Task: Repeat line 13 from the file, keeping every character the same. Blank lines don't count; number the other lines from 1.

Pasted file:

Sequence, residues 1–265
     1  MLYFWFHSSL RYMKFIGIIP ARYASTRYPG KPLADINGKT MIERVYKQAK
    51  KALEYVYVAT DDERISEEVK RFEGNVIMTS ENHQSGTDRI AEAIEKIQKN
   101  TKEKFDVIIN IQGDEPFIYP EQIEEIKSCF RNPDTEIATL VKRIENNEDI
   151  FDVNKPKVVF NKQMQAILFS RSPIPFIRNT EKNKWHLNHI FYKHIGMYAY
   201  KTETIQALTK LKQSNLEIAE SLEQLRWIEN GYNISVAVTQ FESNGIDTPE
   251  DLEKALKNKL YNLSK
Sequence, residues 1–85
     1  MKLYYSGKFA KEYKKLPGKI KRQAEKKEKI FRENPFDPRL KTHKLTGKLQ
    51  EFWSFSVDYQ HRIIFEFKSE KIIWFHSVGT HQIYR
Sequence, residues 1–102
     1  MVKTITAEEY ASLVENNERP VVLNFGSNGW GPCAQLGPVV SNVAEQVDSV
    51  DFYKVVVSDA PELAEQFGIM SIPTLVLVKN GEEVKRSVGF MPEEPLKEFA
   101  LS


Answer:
    51  DFYKVVVSDA PELAEQFGIM SIPTLVLVKN GEEVKRSVGF MPEEPLKEFA